A motorcyclist who blames a smart motorway for the devastating injuries sustained in an accident has dubbed them a ‘death trap’.
The Department of Transportation (DFT) this week said it is halting the expansion of new-style roads, where the hard shoulder is permanently a live traffic lane, until five years of data on drivers’ safety.
But Jack Gallotri, who was seriously injured in an accident on a section of the M6 that has no hard shoulders, has scuttled the government’s plan as not going too far and ended them entirely. called upon to do so.
The 34-year-old had suffered a serious injury to his left leg after an accident at 18 junction in April last year when his bike had a mechanical fault, Cheshire Live reports.
And he said that instead of stopping the plan, the government should consider restarting the hard shoulder on motorways.
He said: “For starters they say five years, but we’ve actually had two of those five years, so only three years from now.
“There’s always a catch and they’ve said it before – that they would only suspend people who weren’t signed.
“But we have a government that believes that honesty is not the best policy. You see them chuckle, bob and weave using their wordplay all the time and it is no different with Smart Motorway.
“If they remove a consistent lifeline and the element of safety (a stiff shoulder), replace it with half the **** measures to try to make everything safe, they won’t be turning around. And say ‘Okay, yeah, it’s not safe, we f**** up how many people die and how many get injured’.
“They won’t raise their hand and admit any wrongdoing or be held accountable. They’re going to do whatever they can to avoid it. It’s just another fraudulent gesture.”
The government has pledged to spend £900m to ‘improve safety’ on the existing smart motorway network, including an additional £390m to set up additional emergency areas.
But Jack of Wolverhampton said it could be done for much less.
He added: “The paint is much cheaper than what they’re spending £390m on. That’s all they need to do to restore the hard shoulder.”
He called for the removal of metal barriers, saying: “They’re deadly to motorcyclists anyway, but vehicles will be able to move over grassy ledges and out of the way.”
Smart motorways are segments of motorways in the UK that use new forms of technology and active traffic management (ATM) techniques to increase road capacity.
There are different types but they include:
- control – Where the stiff shoulder remains but technology is used to control the traffic flow
- dynamic – Where the hard shoulder can be opened at peak times and used as an additional lane but with a lower 60mph speed limit
- running all lanes – where the stern shoulder has been permanently removed to provide an additional lane, but with regular emergency shelter areas for vehicles that run into trouble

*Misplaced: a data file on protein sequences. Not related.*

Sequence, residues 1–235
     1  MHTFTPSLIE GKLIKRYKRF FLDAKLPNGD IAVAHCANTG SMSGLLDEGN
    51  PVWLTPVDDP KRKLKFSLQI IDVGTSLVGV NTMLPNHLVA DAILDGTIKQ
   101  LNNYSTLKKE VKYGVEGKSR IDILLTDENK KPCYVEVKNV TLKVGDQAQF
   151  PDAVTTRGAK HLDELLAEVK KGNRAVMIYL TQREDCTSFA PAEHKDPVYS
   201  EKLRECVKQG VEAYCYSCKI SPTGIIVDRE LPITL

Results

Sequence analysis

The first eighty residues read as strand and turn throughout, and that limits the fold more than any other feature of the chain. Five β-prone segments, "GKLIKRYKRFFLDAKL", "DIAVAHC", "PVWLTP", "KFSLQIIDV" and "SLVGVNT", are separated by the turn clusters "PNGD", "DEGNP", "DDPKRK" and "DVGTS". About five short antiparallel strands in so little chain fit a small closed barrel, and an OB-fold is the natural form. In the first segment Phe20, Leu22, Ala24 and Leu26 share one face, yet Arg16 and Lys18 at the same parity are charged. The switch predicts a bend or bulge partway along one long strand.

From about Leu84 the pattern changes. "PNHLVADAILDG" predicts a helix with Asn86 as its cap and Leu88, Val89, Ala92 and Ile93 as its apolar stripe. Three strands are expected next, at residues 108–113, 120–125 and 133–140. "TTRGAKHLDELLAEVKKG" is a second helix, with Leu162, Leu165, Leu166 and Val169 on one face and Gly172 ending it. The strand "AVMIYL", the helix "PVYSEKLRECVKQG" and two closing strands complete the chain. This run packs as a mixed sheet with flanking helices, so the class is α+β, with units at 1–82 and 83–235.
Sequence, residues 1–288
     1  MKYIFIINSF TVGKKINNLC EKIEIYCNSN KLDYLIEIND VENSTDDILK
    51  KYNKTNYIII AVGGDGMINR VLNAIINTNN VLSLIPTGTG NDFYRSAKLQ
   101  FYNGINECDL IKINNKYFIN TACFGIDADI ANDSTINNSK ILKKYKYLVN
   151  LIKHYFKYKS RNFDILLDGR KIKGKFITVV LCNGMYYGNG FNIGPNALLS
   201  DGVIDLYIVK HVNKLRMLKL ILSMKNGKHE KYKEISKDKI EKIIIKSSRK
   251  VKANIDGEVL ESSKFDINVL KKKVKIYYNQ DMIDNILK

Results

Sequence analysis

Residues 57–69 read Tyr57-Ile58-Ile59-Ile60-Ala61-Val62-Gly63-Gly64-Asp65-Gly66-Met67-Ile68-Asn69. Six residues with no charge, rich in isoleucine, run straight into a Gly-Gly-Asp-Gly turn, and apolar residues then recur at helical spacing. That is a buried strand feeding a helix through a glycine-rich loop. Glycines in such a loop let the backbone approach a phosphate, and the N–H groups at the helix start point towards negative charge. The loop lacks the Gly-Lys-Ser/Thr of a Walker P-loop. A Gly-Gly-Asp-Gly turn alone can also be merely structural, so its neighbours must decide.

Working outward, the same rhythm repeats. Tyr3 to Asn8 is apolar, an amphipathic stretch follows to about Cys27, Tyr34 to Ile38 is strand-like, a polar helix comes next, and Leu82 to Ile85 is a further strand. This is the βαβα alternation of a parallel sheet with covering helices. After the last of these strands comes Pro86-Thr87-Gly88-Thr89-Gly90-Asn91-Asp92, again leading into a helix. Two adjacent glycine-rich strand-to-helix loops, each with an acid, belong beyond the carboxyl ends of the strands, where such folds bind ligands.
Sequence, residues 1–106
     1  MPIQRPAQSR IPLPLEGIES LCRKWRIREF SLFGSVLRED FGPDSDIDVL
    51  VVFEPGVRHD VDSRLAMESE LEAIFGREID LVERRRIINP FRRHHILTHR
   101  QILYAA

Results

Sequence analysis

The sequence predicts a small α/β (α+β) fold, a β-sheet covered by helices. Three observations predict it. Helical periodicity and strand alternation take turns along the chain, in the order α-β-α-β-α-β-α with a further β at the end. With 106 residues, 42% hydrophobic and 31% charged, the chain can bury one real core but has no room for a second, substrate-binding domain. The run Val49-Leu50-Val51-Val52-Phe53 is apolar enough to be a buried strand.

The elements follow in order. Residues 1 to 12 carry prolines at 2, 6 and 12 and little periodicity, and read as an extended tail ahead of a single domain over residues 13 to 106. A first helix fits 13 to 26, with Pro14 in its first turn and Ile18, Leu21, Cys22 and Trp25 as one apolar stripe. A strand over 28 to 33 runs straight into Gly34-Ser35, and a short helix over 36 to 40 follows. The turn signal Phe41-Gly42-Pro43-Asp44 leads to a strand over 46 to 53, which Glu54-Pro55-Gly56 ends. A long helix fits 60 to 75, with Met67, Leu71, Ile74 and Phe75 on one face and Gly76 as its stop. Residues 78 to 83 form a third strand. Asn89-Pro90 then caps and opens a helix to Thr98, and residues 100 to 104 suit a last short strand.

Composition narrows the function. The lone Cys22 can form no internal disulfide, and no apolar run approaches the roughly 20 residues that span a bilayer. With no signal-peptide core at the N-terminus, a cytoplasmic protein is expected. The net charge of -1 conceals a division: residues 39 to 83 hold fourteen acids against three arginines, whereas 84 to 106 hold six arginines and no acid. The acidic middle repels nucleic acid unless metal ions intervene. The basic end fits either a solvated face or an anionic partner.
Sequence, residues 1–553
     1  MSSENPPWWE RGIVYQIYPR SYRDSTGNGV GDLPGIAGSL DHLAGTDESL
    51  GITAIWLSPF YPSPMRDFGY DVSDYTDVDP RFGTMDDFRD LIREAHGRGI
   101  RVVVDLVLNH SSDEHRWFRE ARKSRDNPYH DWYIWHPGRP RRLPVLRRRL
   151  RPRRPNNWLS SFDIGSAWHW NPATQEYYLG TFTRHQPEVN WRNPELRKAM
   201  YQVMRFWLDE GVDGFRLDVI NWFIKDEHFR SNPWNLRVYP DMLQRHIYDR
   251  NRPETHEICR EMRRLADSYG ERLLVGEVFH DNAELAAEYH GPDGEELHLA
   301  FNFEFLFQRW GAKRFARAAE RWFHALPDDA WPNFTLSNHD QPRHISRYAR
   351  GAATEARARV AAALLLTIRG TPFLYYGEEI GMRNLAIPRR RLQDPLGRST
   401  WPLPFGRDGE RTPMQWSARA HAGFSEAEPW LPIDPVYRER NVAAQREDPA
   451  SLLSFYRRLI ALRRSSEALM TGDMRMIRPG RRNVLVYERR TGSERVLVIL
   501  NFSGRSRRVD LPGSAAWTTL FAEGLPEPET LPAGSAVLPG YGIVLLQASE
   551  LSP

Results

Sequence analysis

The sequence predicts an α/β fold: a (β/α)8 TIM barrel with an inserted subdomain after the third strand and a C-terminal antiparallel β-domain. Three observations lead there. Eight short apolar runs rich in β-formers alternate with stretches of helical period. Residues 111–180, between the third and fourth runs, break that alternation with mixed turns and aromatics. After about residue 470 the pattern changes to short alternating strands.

They have been approved by many governments as a more efficient cost-effective alternative to increasing the number of lanes on motorways, but have been heavily criticized by some road safety groups.
Jack’s accident occurred when he lost power in the outer lane and began working his way to the inside lane, where two lorries were running slightly behind him, which had previously been in the stern shoulder.
When he said the bike was on the left, he moved to the very outer edge of the tarmac in lane one, to give enough room for the lorries to pass.
As a result of the impact, Jack lost a piece of his left tibia, causing his leg to explode.
His knee was torn and debris was coming out of it, which damaged the bones behind the patella.
The government said this week that the Smart Motorway scheme would be on hold “until a full five-year safety data is available” for schemes launched before 2020.
Transport Secretary Grant Shapps said: “My first action as Transportation Secretary was to order Smart Motorway’s stocktake and since then, I have worked relentlessly to raise the bar on their safety. I am grateful to the Transportation Committee and all of them who provided evidence for its work.
“While our preliminary data suggests that smart motorways are among the safest roads in the UK, it is important that we move forward to ensure that people feel safe using them.
“Stopping plans to start construction and making multi-million-pound improvements to existing plans will give drivers confidence and provide us with the data we need to inform our next steps. I want to thank safety campaigners, including those who have lost loved ones, for rightly striving for high standards on our roads. I share their concerns.”
The 19-mile extension of the Smart Motorway on the M6 between Junction 16 for crew and 19 for Nottsford was fully opened to drivers in March 2019.
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